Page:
We had the good fortune of connecting with Laura Monti and we’ve shared our conversation below.

Hi Laura, why did you decide to pursue a creative path?
It took me a very long time to have the courage to say the words, “I’m a writer.” More often than not, it still feels odd coming from my mouth. I was fortunate enough to grow up in a household with creativity at its core. My parents are and always have been driven dreamers. My mom, a portrait artist, was at her easel painting romance novel covers when she as pregnant with me. And my dad, an industrial designer, was designing everything from children’s toys to performance footwear to the home I grew up in. Both of my parents had graduated from an art college, RISD. So when it came time for me to choose my path, they encouraged me to follow my passions…. while simultaneously advising me to go to business school. They learned from their experience that business is in everything. And they weren’t wrong.

At age eighteen, I went to the School of Management at Boston University, fearing I was a passionless human who was settling for Plan B without any clue as to what Plan A even is. I wish I could go back and tell myself that it’s ok that I didn’t know. The reality is your career will ever evolve and change. While I might’ve not always known I wanted to be a writer, I cannot deny that I’ve always been my happiest when I was creating stories. My entire life I’ve gravitated toward storytelling as a form of catharsis. I cannot imagine living without it.

Eventually, I reached a point toward the end of college where I wasn’t satisfied with the path I was on. I had a hunger for more and finally had the courage to hunt for it. I moved to Los Angeles to pursue my dreams tangentially in a stable, predictable production role only to kick myself for not jumping in head first. After a few years, my instincts were screaming in a way I could no longer deny and I decided to pursue writing, for real. I was without a life vest, hoping I had the strength to swim.

I wish I could say I didn’t have moments of doubt, but the reality is everyone who pursues a creative career does. But one thing I undeniably know is that I’m doing what I love and would make the same choice over and over again.

Let’s talk shop? Tell us more about your career, what can you share with our community?
One of my proudest accomplishments was “finishing” my first script. I had written many scripts prior. They’re all hidden on old thumb drives in various stages of complete. But it took me a long time to commit to one idea and see it through to the somewhat-end. Scripts are always evolving and are never truly done, but this was the first time I had gotten close enough to completion to share with others. One of the biggest challenges I face as a writer is being paralyzed by perfection. I have to force myself to write shitty first drafts in order to move past the blocks I put up for myself. It’s something I constantly struggle with but have grown stronger combatting. Once I’m on the other side, I finally feel free to play and have fun with the story. I’m working on forgiving myself for this process. The reality is, a lot of work goes into writing a script that’s not as tangible as words on a page. Sometimes writing is battling your own brain for the day, and that’s ok.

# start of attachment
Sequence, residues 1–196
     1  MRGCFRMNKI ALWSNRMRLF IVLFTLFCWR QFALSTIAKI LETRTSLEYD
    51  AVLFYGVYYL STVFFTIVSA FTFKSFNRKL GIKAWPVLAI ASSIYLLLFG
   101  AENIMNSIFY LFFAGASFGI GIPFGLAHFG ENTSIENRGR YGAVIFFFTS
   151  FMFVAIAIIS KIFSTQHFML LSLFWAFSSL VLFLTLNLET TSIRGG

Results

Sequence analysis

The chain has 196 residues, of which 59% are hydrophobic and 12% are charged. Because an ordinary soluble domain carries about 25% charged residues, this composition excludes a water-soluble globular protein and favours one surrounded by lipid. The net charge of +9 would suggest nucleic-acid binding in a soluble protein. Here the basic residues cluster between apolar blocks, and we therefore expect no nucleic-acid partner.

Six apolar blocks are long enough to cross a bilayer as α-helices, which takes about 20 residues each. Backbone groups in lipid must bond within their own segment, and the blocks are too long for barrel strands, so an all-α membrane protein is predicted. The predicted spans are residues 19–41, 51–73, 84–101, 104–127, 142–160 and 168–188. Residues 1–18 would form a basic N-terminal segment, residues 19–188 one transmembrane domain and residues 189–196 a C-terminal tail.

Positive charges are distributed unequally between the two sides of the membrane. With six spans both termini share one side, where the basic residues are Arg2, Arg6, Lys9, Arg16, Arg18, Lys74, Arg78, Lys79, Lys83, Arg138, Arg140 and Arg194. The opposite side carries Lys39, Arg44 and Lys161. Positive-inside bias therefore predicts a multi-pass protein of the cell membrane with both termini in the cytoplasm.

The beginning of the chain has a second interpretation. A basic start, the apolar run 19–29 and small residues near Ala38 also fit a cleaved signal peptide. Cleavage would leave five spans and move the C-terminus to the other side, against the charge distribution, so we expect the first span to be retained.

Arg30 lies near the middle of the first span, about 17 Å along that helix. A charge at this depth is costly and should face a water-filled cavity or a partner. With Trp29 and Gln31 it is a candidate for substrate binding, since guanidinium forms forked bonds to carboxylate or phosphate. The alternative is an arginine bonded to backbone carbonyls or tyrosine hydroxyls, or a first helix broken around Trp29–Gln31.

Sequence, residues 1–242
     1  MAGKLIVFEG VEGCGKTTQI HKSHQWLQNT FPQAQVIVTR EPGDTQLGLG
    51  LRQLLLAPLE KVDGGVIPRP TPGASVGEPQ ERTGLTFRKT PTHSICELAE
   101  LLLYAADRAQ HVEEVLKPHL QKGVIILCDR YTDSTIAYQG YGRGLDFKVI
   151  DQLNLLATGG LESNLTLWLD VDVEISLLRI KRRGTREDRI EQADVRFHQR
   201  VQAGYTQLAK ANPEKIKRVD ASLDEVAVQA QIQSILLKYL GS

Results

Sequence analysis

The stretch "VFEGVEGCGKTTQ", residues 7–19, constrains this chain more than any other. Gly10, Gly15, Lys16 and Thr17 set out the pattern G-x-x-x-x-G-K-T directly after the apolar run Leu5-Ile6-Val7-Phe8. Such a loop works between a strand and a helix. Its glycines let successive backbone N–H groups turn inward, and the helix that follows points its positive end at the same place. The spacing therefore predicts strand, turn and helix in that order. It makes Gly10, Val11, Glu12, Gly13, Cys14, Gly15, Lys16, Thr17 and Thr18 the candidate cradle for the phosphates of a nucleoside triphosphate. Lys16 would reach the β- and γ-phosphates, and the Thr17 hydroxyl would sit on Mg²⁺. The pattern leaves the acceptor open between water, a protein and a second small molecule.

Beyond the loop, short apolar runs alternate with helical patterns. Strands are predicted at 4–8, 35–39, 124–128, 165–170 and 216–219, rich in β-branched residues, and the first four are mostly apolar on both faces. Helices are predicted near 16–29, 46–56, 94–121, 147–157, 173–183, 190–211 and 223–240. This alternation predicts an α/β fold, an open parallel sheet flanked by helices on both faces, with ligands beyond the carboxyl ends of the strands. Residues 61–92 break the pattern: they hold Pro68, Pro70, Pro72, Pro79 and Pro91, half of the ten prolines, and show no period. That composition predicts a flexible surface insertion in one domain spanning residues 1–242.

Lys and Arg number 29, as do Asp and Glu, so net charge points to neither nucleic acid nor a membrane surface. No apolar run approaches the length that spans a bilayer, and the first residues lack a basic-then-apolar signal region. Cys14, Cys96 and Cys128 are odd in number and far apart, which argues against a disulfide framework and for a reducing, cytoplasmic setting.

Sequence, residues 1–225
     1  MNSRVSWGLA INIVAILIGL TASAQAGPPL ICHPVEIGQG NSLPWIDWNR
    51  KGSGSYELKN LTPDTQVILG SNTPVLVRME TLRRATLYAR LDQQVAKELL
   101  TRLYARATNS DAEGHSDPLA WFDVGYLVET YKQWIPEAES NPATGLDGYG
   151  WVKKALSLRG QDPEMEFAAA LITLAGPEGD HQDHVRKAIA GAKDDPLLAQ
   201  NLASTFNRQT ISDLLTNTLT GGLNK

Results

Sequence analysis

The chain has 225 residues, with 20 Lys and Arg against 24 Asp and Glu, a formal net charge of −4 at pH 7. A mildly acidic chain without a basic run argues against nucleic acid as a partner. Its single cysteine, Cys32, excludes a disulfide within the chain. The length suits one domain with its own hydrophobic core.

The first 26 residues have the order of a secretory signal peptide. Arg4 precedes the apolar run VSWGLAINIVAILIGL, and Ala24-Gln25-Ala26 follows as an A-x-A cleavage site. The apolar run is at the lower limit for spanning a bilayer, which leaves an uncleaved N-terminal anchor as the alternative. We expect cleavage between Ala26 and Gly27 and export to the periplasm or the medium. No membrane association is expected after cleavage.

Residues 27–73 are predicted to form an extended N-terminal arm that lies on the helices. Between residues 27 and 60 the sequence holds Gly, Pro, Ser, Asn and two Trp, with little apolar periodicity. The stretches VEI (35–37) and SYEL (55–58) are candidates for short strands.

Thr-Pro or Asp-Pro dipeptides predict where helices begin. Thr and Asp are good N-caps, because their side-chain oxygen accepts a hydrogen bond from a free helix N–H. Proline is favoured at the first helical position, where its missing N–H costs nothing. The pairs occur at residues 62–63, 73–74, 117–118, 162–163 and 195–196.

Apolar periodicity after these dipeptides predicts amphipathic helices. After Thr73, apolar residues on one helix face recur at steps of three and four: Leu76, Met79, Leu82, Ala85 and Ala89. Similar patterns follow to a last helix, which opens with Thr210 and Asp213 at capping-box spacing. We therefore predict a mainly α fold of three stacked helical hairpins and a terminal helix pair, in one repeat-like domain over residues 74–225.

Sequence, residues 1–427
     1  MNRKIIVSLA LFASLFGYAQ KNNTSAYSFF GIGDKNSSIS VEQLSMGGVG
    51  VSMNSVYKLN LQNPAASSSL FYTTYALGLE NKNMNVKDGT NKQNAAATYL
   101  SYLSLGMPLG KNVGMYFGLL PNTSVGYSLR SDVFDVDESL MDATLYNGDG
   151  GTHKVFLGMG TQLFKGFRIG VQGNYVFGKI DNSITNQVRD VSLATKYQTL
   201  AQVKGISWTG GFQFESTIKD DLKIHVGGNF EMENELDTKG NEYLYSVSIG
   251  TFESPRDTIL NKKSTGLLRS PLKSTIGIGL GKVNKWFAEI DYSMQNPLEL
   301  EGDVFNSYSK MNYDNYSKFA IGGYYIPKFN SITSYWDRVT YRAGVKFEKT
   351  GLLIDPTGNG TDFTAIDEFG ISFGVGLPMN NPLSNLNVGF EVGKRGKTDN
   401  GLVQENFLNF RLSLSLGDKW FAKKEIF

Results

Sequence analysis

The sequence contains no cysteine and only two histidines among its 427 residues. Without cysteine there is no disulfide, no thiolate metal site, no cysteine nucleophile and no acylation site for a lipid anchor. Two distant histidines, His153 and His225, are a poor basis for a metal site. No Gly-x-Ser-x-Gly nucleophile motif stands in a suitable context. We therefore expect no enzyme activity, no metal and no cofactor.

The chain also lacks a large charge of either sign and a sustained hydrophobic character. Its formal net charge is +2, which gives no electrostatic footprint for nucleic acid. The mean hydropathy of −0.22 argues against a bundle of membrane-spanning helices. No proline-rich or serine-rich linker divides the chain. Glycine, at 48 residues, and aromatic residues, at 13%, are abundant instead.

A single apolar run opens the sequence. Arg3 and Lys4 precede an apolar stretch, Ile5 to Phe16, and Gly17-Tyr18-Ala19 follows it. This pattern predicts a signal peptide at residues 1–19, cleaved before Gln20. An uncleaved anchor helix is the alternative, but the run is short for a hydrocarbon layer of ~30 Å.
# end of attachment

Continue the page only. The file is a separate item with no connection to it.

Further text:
Let’s say your best friend was visiting the area and you wanted to show them the best time ever. Where would you take them? Give us a little itinerary – say it was a week long trip, where would you eat, drink, visit, hang out, etc.
I spend a lot of time in Griffith Park. After a day of working on my laptop, I often will go for a long hike up to the Observatory or even deeper into the park on Hogback Trail. It helps clear my head and grounds me. There’s something about being in an open natural space that reminds me of how small my worries and concerns are in the grand scheme of things. I also love pairing feelings of exhasution and accomplishment after an eight mile hike with a delicious meal and drinks with friends. Mexican is my favorite, in particular Blue Plate Taco in Santa Monica (primarily because I love their margaritas) and Guisados (best tacos in LA hands-down). For me, it’s all about the company I’m with. Some of my most cherished memories in LA take place in my friend’s backyard splitting a bottle or two of wine.

But if I’m your travel agent in this scenario, I’d advise you to also check out areas near LA. Part of why I love living here is that there are so many weekend getaways that are all so incredibly different. Wine tasting in Santa Yenez, beaches in Santa Barbra, pools in Palm Springs, dinners in San Diego, skiing in Big Bear. Throw a rock in any direction, you can’t go wrong!

The Shoutout series is all about recognizing that our success and where we are in life is at least somewhat thanks to the efforts, support, mentorship, love and encouragement of others. So is there someone that you want to dedicate your shoutout to?
I’d love to dedicate my shout out to my younger brother, David. As kids, I had roped him into various harebrained, elaborate productions of mine that never failed to include a storyline that would humiliate him. Yet he was always by my side, eager to hear my latest and greatest idea. To this day, he looks up to me in a way that gives me a renewed sense of faith in myself, driving me to be the person he sees. I wouldn’t be where I am today without him.

Linkedin: https://www.linkedin.com/in/lauramonti/

Other: Email: lmonti15@bu.edu

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